Liberals may not react that way because they have ego and pride attachments to fact-based reasoning; they might be proud of their ability to change their views to fit the facts. This may be genetic.  It’s been long observed in psychology that there are two types of people. Each individual of each set would have a construct, or belief. When faced with something that invalidates the construct, one group seeks to change their construct to fit reality; the other group attempts to alter reality to fit their construct. In psychology, the term for that is ‘hostility.’ In politics, it’s ‘conservatism’.

In cognitive therapy, one way to get someone to change is to keep their ego – their sense of superiority – intact. Find out what their goals are. Conservative and liberal goals and actual values are incredibly close.

One can complement a conservatives value of life, or rejection of terror. We agree on those things. The question is, do they want to achieve those goals? Yes? My, what a good person. Good person, goooood person. Sit. Stay. Stay away from the voting booth.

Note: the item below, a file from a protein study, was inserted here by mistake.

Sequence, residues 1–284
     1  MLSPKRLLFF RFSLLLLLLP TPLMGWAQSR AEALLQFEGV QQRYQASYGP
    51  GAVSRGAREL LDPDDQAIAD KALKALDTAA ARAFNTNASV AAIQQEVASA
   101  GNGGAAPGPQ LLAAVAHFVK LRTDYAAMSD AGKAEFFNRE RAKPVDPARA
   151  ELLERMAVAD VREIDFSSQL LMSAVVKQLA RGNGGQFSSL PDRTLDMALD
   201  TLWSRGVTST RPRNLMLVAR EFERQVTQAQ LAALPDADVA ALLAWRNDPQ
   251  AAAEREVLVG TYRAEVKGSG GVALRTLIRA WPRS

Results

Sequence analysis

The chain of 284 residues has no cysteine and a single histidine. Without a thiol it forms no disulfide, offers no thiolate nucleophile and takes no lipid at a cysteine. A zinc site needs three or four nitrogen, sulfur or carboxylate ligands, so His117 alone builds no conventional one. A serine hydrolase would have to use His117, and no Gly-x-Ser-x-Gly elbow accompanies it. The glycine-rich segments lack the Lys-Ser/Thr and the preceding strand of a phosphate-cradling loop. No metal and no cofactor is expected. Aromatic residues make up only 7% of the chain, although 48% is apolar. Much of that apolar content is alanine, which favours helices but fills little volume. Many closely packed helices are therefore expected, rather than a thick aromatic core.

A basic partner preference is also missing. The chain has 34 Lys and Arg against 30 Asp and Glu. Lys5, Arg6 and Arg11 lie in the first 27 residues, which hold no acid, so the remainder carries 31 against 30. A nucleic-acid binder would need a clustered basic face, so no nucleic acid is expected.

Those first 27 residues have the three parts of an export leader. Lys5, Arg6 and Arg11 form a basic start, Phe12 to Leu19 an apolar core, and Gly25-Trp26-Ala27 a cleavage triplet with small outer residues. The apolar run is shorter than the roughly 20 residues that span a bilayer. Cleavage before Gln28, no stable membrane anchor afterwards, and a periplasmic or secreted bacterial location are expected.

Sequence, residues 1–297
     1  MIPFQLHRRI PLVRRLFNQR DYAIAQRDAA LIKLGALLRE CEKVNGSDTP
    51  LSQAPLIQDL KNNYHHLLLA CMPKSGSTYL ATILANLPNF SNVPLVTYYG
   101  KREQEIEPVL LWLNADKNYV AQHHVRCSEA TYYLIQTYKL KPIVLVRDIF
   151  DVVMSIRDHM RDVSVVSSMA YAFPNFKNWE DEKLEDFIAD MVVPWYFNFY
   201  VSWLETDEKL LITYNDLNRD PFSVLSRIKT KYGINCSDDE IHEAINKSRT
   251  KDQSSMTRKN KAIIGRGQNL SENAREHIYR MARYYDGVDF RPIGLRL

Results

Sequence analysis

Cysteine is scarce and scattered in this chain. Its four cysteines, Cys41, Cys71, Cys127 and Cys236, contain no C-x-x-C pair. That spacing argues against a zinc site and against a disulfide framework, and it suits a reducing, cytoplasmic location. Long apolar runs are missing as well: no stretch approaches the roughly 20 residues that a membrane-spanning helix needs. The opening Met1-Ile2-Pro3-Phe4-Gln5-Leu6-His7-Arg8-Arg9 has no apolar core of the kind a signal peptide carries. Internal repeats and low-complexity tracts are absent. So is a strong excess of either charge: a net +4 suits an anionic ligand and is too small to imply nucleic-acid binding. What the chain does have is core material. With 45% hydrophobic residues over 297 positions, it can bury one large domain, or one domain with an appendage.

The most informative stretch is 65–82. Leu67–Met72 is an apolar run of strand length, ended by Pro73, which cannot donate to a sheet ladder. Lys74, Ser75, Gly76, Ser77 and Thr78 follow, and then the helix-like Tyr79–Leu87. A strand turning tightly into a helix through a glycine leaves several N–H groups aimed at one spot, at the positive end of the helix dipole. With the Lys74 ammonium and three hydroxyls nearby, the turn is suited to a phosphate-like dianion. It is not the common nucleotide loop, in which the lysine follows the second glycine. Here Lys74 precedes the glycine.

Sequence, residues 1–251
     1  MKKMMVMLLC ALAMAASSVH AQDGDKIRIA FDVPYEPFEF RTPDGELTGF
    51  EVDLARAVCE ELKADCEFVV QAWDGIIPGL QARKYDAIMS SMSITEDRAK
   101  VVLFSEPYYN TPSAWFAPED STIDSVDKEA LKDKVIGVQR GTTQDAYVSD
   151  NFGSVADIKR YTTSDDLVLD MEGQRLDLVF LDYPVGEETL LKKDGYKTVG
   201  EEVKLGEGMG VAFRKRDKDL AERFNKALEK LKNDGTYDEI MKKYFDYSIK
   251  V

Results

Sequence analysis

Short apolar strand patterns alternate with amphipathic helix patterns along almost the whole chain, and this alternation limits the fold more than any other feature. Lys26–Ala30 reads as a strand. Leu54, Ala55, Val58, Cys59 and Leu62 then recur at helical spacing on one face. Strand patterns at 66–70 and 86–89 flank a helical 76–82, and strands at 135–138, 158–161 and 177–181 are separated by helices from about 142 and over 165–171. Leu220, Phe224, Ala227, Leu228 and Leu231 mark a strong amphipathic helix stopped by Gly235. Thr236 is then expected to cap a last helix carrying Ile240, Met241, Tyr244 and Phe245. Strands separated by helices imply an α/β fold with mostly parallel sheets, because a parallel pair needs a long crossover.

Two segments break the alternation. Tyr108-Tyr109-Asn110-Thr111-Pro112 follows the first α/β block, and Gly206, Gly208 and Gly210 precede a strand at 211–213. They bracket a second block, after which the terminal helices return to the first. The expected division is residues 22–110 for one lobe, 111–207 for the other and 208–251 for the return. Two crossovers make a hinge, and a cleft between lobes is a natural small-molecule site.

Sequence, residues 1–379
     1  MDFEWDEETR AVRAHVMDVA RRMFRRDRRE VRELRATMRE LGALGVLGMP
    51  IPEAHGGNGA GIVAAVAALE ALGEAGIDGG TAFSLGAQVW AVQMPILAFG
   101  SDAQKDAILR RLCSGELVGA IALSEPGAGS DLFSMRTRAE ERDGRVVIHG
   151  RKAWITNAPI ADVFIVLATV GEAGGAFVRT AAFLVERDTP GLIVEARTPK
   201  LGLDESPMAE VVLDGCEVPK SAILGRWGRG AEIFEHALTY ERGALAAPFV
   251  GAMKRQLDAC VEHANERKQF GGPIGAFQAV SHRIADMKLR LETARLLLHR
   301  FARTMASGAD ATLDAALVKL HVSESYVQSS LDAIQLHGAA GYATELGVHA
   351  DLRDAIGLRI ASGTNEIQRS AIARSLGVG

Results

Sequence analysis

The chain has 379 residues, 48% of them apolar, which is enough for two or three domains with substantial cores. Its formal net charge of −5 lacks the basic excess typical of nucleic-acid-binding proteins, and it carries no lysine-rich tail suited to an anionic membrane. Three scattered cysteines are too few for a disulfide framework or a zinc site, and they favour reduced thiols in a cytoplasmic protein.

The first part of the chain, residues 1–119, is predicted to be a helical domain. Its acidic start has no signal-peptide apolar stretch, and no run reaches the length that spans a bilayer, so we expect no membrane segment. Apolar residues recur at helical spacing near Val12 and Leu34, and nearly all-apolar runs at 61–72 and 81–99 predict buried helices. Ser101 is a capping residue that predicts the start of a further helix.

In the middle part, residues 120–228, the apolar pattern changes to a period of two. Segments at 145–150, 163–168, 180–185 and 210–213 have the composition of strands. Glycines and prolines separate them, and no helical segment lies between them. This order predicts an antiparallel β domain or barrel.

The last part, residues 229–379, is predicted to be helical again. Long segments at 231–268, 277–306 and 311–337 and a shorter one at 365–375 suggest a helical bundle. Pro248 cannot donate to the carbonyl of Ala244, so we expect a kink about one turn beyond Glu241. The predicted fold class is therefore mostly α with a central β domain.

The division is perception of reality, and efficaciousness. Conservatives need to be asked if their values are important enough to them that they’re willing to do what it takes to implement the values. Then, what if doing that it takes involves rejecting a plan that has the opposite effect, and trying something that has a proven track record? Is their conviction strong enough that they would be willing to examine the actual track records, the facts, and reassess what they would do, given the power?

This works on a small or large scale. People’s minds can clearly be changed, by several methods. Karl Rove has demonstrated this, using old-school propaganda methods. The democrats can do the same, and don’t need to resort to lying. Every point can be researched and evidenced. Cognitive dissonance is a fine political tool. The beliefs of Republicans are incredibly contradictory. Awareness of that creates dissonance.

Dissonance can make things explode, like their tiny little heads.

Machine Knitting, Trying A Hobby


I’ve been interested in knitting machines for many years. I recently found an old notebook with my thoughts on industrial knitting and weaving machines and their connection to Jacquard looms, the Hollerith cards used in 1970s computing and early Chinese mechanical ducks. More about this another time, perhaps.

I learned to knit by hand at 6 years old and just never got the hang of it. There some some excellent programmable machines out there including knitting machines that can be controlled by computers or by punch cards similar to those used by Jacquard looms or, by extension, to Hollerith cards. When I first looked into it, programmable machines were prohibitively expensive and I didn’t have the skills to build in the extra features I wanted.